Couples can do hot yoga classes together

Do couples who stretch together kvetch less together? From the husbands and wives I talked to, that seems to be true.

Bikram yoga and other vigorous forms of Hatha yoga, such as Ashtanga, offer a perfect balance for both sexes. Whereas women often have the flexibility advantage, men have the core-strength edge. While couples can do yoga classes together, they are not competing with each other. No one leaves mad; and besides, except for a lightweight yoga mat, there’s nothing to throw.

For the last three years, Paula Bonney, a bookkeeper from Mattapoisett, Massachusetts, and her husband, Steve, a contractor, have been taking Bikram classes together at Yoga for You. Paula talked Steve into coming with her after he had surgery on one of his rotator cuffs. “Steve hates the heat. After the first few classes, though, he said he’d consider maybe coming twice a week,” Paula says. “Then after a while, that became ‘Maybe I’ll go three times a week.’ Now he’d go every night if we didn’t live so far away.”

“I’ve definitely noticed a change in Steve,” says Paula. “It’s really helped him take things in stride. He’s much more on an even keel. Besides, it used to be we’d fight about the heat in the car. Now I get to put it on, and he doesn’t care.”

Real Men Who Do Yoga and the Women Who Love Them

couples can do yoga classes togetherIt’s not always the woman who does the initiating. “It was absolutely Bob’s idea to start yoga,” says Elizabeth Curran, a marketing manager for Tyco. Bob is Elizabeth’s husband of five years and one of the most unlikely-looking yogis you’ll ever encounter. A plumber and weekend hockey player, he stands six feet four inches tall and weighs 260 pounds.

“Bob did all the research and set it up,” says Elizabeth. “He was tired of the gym and wanted a change. He really likes a workout and wanted something where he’d sweat a lot. I had been a runner, but I was bored and needed a change, too.”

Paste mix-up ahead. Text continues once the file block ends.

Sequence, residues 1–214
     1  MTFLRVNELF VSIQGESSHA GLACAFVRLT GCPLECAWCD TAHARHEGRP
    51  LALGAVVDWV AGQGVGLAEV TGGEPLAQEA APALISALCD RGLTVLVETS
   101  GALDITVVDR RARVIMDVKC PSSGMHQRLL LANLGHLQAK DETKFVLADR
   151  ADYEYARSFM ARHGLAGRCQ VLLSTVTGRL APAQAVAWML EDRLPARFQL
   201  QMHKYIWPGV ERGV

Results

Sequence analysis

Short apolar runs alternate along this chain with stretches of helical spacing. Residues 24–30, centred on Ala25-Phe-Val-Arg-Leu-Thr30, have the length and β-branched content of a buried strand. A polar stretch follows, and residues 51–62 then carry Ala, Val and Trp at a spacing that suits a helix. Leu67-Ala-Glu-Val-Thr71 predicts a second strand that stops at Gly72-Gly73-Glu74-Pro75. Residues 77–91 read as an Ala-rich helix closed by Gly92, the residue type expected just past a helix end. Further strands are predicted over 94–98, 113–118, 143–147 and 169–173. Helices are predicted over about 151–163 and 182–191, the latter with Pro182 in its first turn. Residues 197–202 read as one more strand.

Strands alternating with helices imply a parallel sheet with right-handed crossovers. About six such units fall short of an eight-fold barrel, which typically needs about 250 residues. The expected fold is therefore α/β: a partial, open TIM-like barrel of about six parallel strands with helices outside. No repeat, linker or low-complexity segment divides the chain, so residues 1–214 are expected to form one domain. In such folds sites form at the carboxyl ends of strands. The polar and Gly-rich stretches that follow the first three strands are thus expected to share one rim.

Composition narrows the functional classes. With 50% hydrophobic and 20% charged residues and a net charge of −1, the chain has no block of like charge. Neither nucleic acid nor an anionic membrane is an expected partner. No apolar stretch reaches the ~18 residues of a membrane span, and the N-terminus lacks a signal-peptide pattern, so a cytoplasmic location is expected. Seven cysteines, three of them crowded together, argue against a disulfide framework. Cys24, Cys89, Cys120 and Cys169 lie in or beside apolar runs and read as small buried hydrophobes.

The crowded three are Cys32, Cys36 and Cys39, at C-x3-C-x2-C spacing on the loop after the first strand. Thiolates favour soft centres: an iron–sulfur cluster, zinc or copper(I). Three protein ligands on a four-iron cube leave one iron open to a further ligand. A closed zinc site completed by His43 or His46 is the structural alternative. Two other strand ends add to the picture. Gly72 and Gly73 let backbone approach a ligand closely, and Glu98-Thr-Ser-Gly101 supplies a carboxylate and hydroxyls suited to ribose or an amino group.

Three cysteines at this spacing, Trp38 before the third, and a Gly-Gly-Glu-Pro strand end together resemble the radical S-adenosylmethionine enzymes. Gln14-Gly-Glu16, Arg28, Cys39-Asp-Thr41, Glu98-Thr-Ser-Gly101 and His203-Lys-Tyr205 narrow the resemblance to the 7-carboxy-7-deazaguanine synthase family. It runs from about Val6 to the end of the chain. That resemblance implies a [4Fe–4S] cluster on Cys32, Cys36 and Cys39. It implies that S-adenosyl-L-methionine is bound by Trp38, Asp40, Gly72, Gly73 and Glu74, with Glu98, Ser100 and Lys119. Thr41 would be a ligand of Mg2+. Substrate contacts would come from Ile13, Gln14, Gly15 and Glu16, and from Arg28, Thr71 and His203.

The Currans took a hot yoga class at the Open Door Studio in Braintree, Massachusetts. Although it isn’t Bikram, it is performed in a room heated to 100 degrees or more. “We were instantly addicted,” says Elizabeth, and although they’ve only been going for a few months, they say they’re in for the long stretch. They go several nights a week.

So far, Bob’s one of the few guys taking classes at Open Door. “The girls come up to me and say it’s really nice to see a normal guy in here. They say they’re trying to get their boyfriends to come, but they won’t. I can see where some guys may have a problem going. The yoga masters are different from the guys you see in the locker room, the guys you played sports with in college. But if you can’t get past that, you can’t get through much else, you know?”

“A big part of our enjoyment with yoga,” says Elizabeth, “is having something we can do together that’s on a mutual level. He has golf, but when we play I’m a beginner, and he’s real experienced. Yoga’s a thing where you’re totally even.”

Just out of curiosity, I asked Bob whether part of the reason hot yoga so appealed to him is because there’s no oming before class. “Oh, we om,” he says, “and we do namaste, and we go into fetal position at the end. I don’t have a problem with that. I don’t have a problem doing much of anything, to tell you the truth.”

What you have in your mind?